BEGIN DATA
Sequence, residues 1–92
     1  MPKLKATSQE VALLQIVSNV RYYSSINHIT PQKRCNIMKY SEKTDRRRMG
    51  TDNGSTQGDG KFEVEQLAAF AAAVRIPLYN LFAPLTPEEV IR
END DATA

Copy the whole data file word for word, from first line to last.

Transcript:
Sequence, residues 1–92
     1  MPKLKATSQE VALLQIVSNV RYYSSINHIT PQKRCNIMKY SEKTDRRRMG
    51  TDNGSTQGDG KFEVEQLAAF AAAVRIPLYN LFAPLTPEEV IR